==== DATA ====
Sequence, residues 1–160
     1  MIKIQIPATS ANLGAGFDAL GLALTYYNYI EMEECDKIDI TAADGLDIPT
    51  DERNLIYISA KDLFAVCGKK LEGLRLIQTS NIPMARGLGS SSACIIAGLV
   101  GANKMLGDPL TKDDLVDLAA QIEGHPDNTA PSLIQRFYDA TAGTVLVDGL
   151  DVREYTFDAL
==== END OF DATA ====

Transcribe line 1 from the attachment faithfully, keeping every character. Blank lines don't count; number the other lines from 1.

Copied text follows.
Sequence, residues 1–160